Material will include the science of and evidence behind myofascial based manual therapies with an emphasis on clinical reasoning and evaluation for assessment of connective tissue mobility, movement asymmetry and tissue tension abnormalities affecting the pelvis and lower extremity and their associated fascial structures. Participants will be exposed to multiple approaches for the treatment of fascial dysfunction throughout this concepts course so the clinician can easily choose the appropriate technique depending on the tissue of each unique patient. The goal is for the attending therapist to have a variety of skills to incorporate myofascial based treatment into an existing clinical program
- Fascia is the ubiquitous connective tissue that permeates the entire body forming a continuous three-dimensional matrix of structural support and communication1.
- The fascial system consists of four concentric layers; the “myofascia” is comprised of those layers of fascia that are associated with the locomotor system2.
- Patients with chronic pelvic pain are more likely to have abnormal musculoskeletal findings on examination3,4
Lab activities will cover external and internal vaginal and rectal techniques, Fascial approaches include a variety of techniques for the abdominal wall, pelvis, hip and lower extremity to include:
- Fascial induction utilizing direct and indirect methods for muscle bellies, intraarticular, intraosseous structures and multiple layers of the pelvic floor
- Positional inhibition as a modality for shutting off trigger points, internal and external
- Peripheral nerve mobilizations for pelvis and lower extremity
- Instrument-assisted soft tissue mobilization (AISTM, Gua Sha)
- Fascial decompression (Cupping)
- Introduction of rehabilitative ultrasound imaging to measure tissue changes
The goal of this course is to provide the clinician who is treating women and men with pelvic dysfunction immediate access to a variety of approaches to the myofascial system. Throughout the course, clinical reasoning and application will be addressed with emphasis on various presentations of frequently seen in patients with primary or secondary pelvic dysfunction.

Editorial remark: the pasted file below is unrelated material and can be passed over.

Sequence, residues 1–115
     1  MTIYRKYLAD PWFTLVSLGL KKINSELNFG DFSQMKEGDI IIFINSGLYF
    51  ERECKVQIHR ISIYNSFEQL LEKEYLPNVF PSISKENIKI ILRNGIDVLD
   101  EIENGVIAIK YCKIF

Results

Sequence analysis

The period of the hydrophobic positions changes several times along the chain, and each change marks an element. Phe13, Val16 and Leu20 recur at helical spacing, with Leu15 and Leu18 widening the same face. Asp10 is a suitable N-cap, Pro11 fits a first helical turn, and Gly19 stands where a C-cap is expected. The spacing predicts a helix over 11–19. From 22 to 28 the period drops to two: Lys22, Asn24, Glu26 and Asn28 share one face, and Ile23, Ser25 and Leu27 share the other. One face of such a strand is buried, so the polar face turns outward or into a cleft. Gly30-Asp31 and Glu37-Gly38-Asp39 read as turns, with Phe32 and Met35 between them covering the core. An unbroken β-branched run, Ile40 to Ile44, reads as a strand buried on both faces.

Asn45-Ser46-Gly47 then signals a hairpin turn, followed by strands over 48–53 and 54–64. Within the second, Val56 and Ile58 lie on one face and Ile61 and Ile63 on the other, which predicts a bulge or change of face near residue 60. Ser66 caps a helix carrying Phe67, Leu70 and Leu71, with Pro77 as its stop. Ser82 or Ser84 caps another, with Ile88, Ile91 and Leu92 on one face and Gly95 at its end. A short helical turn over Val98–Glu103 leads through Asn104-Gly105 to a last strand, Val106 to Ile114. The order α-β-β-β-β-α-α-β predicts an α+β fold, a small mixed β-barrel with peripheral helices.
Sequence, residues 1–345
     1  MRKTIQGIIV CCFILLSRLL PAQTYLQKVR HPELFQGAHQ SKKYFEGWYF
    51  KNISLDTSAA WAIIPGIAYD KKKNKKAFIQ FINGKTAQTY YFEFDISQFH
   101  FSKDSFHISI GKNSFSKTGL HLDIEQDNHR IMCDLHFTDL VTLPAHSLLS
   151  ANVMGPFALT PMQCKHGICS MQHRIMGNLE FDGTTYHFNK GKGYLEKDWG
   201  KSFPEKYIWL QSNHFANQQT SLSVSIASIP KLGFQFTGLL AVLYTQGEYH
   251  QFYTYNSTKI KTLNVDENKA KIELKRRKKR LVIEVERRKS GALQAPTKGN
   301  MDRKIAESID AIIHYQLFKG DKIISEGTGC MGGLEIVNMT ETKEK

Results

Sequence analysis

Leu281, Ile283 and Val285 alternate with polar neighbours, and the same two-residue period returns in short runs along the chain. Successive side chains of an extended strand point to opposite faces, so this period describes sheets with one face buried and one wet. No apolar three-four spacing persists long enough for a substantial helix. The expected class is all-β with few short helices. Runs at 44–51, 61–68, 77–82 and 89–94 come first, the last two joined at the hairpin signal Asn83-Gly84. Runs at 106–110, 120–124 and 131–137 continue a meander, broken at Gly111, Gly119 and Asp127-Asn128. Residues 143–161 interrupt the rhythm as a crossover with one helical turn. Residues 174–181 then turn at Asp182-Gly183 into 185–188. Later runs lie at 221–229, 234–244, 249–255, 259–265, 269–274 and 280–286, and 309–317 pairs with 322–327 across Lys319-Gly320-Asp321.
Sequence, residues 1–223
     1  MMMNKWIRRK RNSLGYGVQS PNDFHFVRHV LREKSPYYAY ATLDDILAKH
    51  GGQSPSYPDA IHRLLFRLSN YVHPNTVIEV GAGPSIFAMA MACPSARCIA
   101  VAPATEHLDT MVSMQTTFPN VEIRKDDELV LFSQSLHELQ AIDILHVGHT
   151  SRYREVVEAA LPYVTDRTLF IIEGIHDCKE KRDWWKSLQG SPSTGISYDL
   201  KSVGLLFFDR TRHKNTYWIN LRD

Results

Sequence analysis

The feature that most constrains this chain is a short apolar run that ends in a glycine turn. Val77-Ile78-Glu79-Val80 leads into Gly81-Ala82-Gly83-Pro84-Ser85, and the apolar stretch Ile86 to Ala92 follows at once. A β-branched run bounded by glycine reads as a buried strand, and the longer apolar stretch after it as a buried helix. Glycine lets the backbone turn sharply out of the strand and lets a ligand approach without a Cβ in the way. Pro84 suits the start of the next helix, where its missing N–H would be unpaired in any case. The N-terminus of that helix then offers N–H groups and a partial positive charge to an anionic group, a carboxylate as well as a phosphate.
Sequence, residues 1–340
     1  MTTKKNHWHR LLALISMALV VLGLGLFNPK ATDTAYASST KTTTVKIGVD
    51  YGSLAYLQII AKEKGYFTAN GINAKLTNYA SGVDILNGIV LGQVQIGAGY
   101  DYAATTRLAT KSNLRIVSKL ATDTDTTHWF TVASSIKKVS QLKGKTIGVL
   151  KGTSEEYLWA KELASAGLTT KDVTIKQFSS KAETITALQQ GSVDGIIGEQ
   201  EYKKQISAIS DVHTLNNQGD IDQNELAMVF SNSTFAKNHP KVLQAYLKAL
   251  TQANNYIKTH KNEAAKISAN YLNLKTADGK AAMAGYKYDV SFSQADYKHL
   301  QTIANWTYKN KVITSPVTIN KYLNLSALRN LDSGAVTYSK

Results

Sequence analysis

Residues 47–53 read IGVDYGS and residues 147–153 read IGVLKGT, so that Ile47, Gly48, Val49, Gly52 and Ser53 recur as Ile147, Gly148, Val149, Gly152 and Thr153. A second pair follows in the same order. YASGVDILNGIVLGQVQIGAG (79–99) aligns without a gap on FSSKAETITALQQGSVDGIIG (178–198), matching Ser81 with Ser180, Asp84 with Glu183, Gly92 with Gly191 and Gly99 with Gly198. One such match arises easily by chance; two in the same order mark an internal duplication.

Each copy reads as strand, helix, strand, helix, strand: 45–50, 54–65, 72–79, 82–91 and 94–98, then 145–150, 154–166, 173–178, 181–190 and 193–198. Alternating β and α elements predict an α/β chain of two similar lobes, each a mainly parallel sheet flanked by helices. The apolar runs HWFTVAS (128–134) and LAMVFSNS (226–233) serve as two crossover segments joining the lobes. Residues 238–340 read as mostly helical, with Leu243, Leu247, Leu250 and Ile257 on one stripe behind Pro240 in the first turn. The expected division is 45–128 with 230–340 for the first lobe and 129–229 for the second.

This course includes extensive lab work to include musculoskeletal, vaginal and rectal pelvic floor muscle techniques, all course attendees should come prepared to participate as both clinician and patient, male clinicians will be allowed full participation. Pregnant course attendees may participate in a limited capacity depending on the technique.
Seminar content is targeted to licensed health care professionals working within the field of pelvic health. Content is not intended for use outside the scope of the learner’s license or regulation.
Upon completion of this continuing education seminar, participants will be able to:
1. Identify the four layers of the fascial system and how they interrelate
2. Describe the theory and application of osteopathic principles to include myofascial induction technique with respect to its neurophysiologic effect
3. Perform, selective tissue tension testing, osseous and articular spring testing and recognize abnormal connective tissue mobility
4. Differentiate between direct and indirect mobilization techniques and understand the proper application of each
5. Cite potential causes for the development of local restrictions in the fascial system and the role that somatic convergence plays in the perpetuation of pain states
6. Apply the technique of three-dimensional myofascial induction; utilizing external body and internal vaginal/rectal approaches for myofascial structures throughout the trunk, pelvis, and lower extremity as it relates to pelvic dysfunction
7. Understand the difference between ARTS and STAR for treatment paradigms plus the application of positional inhibition technique for the treatment of exquisite trigger points
8. Understand the anatomy of the neurologic connective tissue and application of peripheral nerve mobilization
9. Differentiate treatment applications for fascial structures to include fascial induction, fascial decompression, and use of instrument-assisted soft tissue mobilization (IASTM)
10. Implement myofascial mobilization techniques into a comprehensive treatment program for the patient with varied diagnoses of the lumbar, pelvic, and hip region as they relate to pelvic health physical therapy
Prerequisites: Level 1 (or equivalent to be approved)
Registration begins on the first day 15 minutes prior to the start time.
- Findley T (2009) Fascia research II: Second international fascia research congress. International Journal of Therapeutic Massage & Bodywork 2(3)
- Willard F (2012) Somatic Fascia. In: Schleip R, Findley T, Chaitow L, Huijing P (Eds.) Fascia: The Tensional Network of The Human Body. Edinburgh: Elsevier, pp. 11-17.
- Neville C, Fitzgerald C, Mallinson T, Badillo S, Hynes C, Tu F (2012) A preliminary report of musculoskeletal dysfunction in female chronic pelvic pain: A blinded study of examination findings. Journal of Bodywork and Movement Therapies, 16:50-56.
- Zerman DH, Ishigooka M, Doggweiler R, Schmidt R, (1999) Neurological insights into the etiology of genitourinary pain in men. Journal of Urology 161:903-908